Nav: Home

Deep sea reveals linkage between earthquake and carbon cycle

February 07, 2019

An international team led by the Innsbruck geologists Arata Kioka, Tobias Schwestermann, Jasper Moernaut, and Michael Strasser could quantify for the first time the entire trench-wide volume of marine sediments that were remobilized by the magnitude 9 Tohoku-oki earthquake in 2011 and transported into the up to 8 km deep Japan Trench. This was facilitated within a project funded by the Austrian Science Fund (FWF) and in collaboration with researchers from Geological Survey of Japan of the National Institute of Advanced Industrial Science and Technology (AIST), JAMSTEC (Japan Agency for Marine-Earth Science and Technology), The City University of New York, MARUM (Centre for Marine Environmental Sciences, University of Bremen) and ETH Zurich, through integrating analyses of samples and data collected during several offshore research expeditions conducted between 2012 and 2016. Along with carbon content measurements, they could estimate the total carbon mass of more than 1 Tg (1 teragram = 1 million tons), triggered by one single tectonic event and transported to these water depths. "The results surprised us and our colleagues," said Tobias Schwestermann, PhD candidate at the Department of Geology at the University of Innsbruck. "This is much higher than expected from carbon fluxes observed in other deep-sea trench systems worldwide," continues Schwestermann. Another example clearly illustrates the extent of the result: The Ganges-Brahmaputra, one of the world's largest river system, transports about 4 Tg of carbon per year to the ocean. The fact that only one single tectonic event can cause about a quarter of this carbon flux, implying a potential global significance, highlights the importance of the carbon cycle in the deep sea. "The results show that when we talk about the global carbon cycle, we also have to think about the deepest and most-underexplored deep-sea trenches of our world's oceans in the future," says Michael Strasser, Professor at the Department of Geology.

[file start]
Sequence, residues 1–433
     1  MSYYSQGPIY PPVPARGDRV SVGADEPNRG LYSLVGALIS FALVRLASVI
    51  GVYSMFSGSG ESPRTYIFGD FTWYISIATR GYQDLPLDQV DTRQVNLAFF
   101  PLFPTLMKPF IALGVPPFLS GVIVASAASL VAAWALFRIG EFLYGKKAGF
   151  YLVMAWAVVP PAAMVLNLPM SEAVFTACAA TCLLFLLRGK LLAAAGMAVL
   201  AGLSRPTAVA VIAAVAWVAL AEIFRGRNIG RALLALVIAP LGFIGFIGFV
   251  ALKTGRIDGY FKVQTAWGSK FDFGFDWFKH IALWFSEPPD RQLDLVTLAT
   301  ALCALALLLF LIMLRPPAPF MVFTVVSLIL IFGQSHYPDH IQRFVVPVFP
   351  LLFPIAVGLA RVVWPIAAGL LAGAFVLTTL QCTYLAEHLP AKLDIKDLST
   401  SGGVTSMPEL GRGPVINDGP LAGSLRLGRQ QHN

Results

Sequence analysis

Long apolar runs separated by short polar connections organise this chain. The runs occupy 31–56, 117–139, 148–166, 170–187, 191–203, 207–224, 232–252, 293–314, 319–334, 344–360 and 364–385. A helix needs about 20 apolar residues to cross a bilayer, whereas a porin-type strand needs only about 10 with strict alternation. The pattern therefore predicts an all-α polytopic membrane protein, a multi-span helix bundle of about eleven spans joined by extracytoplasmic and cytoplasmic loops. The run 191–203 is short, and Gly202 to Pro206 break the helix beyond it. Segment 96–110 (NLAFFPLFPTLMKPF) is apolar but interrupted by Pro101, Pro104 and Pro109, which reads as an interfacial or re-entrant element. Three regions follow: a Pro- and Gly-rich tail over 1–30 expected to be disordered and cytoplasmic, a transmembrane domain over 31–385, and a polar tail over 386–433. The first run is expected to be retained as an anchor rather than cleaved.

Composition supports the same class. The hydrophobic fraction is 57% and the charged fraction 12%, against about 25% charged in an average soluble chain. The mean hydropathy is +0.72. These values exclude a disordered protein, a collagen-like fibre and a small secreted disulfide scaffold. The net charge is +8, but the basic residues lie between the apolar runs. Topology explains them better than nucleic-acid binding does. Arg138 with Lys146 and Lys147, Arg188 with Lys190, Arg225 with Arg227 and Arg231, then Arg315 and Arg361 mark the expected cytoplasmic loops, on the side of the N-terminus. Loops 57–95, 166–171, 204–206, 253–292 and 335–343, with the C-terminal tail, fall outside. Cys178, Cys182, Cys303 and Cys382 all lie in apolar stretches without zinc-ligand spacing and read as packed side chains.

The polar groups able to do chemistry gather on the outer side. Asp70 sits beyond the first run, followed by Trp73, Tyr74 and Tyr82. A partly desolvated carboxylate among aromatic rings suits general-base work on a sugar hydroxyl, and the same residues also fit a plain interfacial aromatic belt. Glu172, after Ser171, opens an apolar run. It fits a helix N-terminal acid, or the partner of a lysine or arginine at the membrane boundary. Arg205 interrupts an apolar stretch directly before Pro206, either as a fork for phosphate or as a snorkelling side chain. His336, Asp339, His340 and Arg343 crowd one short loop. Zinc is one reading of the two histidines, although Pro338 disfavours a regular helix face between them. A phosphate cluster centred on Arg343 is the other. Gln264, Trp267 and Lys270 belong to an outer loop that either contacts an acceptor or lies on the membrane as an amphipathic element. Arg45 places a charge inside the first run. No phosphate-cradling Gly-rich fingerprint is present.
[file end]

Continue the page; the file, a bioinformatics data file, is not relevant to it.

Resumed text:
First trench-wide quantification of organic carbon mass in the deep sea